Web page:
# Gravitational Constant Is the "G" in Newton's Law of Universal Gravitation

Gravity was also the key player in Sir Isaac Newton's famous "apple" story You know the one we're talking about.

One day, Newton was hanging out in Lincolnshire, England when he watched an apple fall out of a tree. (Or so he claimed.)

Over the coming years, he'd tell many acquaintances — like Voltaire and biographer William Stukeley — that his great writings about the nature of gravity were inspired by this mundane little event. Newton's assistant John Conduitt, wrote:

[It]

*came into his thought that the same power of gravity (which made an apple fall from the tree to the ground) was not limited to a certain distance from the Earth but must extend much farther than was usually thought — Why not as high as the moon, said he to himself & if so that must influence her motion & perhaps retain her in her orbit*.Thus, the groundwork was laid for Newton's Law of Universal Gravitation. Central to which is a phenomenon called the gravitational constant, aka: "Big G" or just "G."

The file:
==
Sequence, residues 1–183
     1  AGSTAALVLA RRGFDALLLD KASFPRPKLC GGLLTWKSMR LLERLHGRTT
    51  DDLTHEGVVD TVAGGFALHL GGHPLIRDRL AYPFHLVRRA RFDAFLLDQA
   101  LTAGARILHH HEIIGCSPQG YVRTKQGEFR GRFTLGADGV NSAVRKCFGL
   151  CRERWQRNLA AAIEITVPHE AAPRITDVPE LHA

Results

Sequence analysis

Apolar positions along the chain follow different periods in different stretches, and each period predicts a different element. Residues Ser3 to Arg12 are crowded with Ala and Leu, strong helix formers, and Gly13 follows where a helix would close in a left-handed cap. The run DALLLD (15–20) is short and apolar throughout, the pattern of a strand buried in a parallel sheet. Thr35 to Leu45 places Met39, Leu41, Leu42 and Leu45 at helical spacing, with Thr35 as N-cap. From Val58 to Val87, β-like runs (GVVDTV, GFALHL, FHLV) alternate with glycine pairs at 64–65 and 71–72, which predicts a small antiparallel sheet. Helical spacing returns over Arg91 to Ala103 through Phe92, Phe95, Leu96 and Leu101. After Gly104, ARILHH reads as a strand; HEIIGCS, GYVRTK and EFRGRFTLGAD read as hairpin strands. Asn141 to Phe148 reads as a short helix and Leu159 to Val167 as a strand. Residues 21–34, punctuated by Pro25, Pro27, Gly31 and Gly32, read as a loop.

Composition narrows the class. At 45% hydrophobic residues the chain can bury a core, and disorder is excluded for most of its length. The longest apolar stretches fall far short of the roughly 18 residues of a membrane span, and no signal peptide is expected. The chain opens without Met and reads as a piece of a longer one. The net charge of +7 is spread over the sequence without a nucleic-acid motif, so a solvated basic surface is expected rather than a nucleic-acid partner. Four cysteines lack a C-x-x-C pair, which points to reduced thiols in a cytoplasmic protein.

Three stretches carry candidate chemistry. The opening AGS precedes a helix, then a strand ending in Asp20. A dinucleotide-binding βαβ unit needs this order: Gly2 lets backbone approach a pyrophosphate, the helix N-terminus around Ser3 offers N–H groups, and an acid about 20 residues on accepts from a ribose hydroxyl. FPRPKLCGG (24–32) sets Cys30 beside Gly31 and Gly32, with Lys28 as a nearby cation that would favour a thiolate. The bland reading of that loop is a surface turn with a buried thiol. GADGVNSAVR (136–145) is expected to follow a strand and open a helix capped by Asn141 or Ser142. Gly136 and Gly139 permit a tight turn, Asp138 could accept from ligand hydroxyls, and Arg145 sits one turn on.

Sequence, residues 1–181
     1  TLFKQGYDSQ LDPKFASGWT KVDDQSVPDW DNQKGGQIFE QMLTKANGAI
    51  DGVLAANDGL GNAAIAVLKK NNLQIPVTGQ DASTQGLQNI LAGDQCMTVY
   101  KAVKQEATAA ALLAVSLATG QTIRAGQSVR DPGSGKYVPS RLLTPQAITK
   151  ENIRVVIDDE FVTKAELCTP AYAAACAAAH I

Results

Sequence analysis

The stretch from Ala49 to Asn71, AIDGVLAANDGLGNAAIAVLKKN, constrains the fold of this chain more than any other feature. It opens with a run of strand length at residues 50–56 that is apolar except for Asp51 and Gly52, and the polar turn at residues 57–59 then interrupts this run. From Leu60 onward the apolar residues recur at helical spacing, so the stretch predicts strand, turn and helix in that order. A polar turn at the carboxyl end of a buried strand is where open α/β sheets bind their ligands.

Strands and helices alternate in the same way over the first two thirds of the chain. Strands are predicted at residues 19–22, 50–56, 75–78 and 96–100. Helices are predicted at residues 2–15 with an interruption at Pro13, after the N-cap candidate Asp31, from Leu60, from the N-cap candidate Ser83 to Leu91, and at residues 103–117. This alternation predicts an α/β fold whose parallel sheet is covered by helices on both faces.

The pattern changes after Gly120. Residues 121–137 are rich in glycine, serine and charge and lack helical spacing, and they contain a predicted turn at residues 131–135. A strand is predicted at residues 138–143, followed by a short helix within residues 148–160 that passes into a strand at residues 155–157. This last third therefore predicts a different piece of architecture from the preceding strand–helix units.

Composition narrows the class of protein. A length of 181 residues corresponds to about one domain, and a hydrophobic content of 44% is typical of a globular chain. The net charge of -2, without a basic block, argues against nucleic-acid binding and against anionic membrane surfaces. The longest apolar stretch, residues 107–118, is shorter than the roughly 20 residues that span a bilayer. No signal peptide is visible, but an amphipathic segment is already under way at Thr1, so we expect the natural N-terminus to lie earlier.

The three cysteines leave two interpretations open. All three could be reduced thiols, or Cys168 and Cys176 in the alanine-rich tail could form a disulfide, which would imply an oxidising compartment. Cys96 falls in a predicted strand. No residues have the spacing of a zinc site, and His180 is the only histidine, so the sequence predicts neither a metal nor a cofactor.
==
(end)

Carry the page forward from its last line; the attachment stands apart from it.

Here's the relevant equation:

F = (G x m1 x m2) / r2

The "F" stands for the "force of gravity"; "m1" means the mass of the first object; "m2" denotes the mass of the second object; and "r2" is shorthand for the distance squared between the centers of mass within object one and object two.

And the "G"? Well friends, that's the Big G: The gravitational constant.

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